Proposal Title

Neural and Classroom Learning Assessments of Cognitive Improvements Following Training in Contemplative Practices

Proposal Abstract

The goals of this research project were two-fold. First, this project expanded secondary education teachers’ understanding and experience with contemplative practices, including reflective writing and mindfulness meditation, in order to improve their own teaching and learning experiences, develop emotional intelligence, and develop the skills needed for lifelong learning. Second, this project will attempt to elucidate some of the mechanisms driving these improvements using measures of cognitive neuroscience and individual differences. This Scholarship of Teaching and Learning (SoTL) research project identifies the problem inherent in teaching practices that neglect the integration of mind, body and spirit. An eight-week training regime was selected as this time frame has been shown to change both behavioral and neural outcomes in human participants. This study seeks to contribute to the cognitive neuroscience literature exploring the mechanisms supporting cognitive and emotional regulation improvements following mindfulness meditation practice by using pre- and post- meditation training measures and EEG. These measures include behavioral and neural measures of attention and emotion regulation, which are both cognitive processes that are crucial to the act of learning, as well as qualitative measures of participant experience and conceptual understanding of contemplative practice impacts in the classroom.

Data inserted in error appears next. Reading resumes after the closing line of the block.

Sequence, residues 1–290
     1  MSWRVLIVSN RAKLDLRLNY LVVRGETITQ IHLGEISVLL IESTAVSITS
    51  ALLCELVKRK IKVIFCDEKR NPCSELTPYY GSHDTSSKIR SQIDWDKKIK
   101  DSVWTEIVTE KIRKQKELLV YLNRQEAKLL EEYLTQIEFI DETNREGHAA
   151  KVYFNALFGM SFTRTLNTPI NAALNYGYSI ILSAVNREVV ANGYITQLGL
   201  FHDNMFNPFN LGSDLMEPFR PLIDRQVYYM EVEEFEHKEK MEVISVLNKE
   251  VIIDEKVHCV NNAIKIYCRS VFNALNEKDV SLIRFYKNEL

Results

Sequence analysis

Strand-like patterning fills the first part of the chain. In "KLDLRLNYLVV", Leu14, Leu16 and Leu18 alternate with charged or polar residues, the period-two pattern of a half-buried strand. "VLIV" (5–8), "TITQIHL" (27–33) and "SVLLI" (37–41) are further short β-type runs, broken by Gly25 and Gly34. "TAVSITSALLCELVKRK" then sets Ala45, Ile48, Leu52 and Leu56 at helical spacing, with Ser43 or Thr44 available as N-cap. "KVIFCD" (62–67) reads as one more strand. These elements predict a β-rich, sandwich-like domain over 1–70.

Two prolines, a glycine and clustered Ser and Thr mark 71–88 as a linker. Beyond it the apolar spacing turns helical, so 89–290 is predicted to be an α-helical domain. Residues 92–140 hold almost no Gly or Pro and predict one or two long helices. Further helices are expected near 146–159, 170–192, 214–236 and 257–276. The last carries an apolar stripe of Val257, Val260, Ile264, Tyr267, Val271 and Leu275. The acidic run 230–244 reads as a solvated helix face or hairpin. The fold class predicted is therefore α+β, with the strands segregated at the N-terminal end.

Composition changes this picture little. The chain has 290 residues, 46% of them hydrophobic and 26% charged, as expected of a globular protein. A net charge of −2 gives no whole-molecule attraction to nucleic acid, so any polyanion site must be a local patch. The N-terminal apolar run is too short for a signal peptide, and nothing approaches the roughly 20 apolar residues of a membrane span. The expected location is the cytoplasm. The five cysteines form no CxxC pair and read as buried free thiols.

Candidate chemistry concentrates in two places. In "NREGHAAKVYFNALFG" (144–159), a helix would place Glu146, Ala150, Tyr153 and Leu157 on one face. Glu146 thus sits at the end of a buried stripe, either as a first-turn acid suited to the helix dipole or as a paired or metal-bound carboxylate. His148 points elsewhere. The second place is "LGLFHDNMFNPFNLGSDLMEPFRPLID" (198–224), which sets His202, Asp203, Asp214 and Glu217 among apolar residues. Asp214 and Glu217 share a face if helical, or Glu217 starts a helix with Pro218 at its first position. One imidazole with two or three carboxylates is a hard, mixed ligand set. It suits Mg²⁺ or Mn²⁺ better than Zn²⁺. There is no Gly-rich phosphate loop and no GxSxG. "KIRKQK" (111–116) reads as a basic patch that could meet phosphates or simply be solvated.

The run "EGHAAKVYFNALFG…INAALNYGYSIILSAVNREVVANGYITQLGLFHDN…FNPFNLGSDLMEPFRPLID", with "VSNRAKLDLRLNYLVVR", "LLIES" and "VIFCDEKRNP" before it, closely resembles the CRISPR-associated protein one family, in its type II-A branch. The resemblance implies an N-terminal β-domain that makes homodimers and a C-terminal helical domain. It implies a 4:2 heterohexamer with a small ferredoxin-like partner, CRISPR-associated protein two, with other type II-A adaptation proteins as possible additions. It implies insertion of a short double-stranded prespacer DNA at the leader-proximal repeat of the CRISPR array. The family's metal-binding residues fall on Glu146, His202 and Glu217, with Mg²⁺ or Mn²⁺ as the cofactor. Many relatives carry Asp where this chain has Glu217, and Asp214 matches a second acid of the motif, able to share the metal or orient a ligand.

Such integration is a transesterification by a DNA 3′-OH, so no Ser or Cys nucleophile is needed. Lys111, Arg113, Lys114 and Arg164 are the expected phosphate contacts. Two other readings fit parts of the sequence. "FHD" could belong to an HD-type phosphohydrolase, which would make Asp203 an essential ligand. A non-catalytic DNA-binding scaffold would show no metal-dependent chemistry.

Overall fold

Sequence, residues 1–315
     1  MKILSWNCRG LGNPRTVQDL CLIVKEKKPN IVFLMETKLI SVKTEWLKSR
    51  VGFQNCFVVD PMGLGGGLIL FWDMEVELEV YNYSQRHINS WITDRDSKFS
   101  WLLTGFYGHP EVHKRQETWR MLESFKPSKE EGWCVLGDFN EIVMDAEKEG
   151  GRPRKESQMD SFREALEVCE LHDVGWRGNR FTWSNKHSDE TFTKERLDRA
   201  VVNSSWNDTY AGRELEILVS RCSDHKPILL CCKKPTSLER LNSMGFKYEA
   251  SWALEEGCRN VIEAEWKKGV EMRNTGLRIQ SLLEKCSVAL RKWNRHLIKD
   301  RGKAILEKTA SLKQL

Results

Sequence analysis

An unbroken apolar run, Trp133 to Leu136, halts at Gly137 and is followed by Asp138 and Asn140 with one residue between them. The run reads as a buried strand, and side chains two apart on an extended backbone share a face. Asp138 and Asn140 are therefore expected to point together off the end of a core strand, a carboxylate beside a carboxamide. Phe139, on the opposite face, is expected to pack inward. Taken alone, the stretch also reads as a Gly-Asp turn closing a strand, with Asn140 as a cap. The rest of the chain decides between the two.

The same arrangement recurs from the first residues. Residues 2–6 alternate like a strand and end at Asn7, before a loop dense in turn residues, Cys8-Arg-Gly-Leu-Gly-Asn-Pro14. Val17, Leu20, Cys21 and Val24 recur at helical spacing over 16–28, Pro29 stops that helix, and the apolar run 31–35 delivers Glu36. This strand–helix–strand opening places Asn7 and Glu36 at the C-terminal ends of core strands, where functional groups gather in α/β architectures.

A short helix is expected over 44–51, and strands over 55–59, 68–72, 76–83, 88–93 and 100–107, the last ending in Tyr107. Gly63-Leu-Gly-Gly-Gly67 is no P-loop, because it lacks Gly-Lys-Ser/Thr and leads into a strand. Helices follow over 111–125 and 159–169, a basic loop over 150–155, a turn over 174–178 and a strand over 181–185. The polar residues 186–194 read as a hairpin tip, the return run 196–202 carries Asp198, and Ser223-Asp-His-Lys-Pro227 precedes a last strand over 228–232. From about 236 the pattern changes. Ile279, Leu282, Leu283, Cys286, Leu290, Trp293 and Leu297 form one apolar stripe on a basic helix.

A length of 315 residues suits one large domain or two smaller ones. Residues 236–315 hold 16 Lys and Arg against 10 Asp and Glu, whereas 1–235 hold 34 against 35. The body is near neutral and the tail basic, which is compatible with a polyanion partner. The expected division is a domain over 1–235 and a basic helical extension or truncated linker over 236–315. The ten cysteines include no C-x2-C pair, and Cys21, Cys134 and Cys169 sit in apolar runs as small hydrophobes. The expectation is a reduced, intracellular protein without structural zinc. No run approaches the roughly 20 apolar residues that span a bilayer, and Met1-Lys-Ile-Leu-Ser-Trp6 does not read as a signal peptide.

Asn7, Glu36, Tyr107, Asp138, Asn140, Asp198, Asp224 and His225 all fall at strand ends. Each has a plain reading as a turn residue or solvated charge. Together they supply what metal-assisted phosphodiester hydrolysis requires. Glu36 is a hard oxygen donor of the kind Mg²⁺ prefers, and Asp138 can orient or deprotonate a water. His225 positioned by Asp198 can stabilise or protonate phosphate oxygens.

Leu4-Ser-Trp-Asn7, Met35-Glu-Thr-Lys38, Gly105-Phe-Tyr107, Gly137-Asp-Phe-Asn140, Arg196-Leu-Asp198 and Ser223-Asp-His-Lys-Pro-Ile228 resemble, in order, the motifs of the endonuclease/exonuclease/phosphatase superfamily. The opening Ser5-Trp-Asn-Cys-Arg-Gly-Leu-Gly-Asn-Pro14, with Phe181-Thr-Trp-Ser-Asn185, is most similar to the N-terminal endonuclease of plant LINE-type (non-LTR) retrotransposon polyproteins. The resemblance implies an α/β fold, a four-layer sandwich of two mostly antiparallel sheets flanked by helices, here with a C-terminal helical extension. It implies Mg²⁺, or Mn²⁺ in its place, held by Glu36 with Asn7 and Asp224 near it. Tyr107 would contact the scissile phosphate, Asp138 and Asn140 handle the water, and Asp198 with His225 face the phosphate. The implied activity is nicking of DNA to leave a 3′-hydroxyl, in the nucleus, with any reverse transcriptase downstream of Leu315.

Location

Room 2002

Publication Type and Release Option

Presentation (Open Access)

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Mar 27th, 2:00 PM Mar 27th, 2:45 PM

Neural and Classroom Learning Assessments of Cognitive Improvements Following Training in Contemplative Practices

Room 2002

The goals of this research project were two-fold. First, this project expanded secondary education teachers’ understanding and experience with contemplative practices, including reflective writing and mindfulness meditation, in order to improve their own teaching and learning experiences, develop emotional intelligence, and develop the skills needed for lifelong learning. Second, this project will attempt to elucidate some of the mechanisms driving these improvements using measures of cognitive neuroscience and individual differences. This Scholarship of Teaching and Learning (SoTL) research project identifies the problem inherent in teaching practices that neglect the integration of mind, body and spirit. An eight-week training regime was selected as this time frame has been shown to change both behavioral and neural outcomes in human participants. This study seeks to contribute to the cognitive neuroscience literature exploring the mechanisms supporting cognitive and emotional regulation improvements following mindfulness meditation practice by using pre- and post- meditation training measures and EEG. These measures include behavioral and neural measures of attention and emotion regulation, which are both cognitive processes that are crucial to the act of learning, as well as qualitative measures of participant experience and conceptual understanding of contemplative practice impacts in the classroom.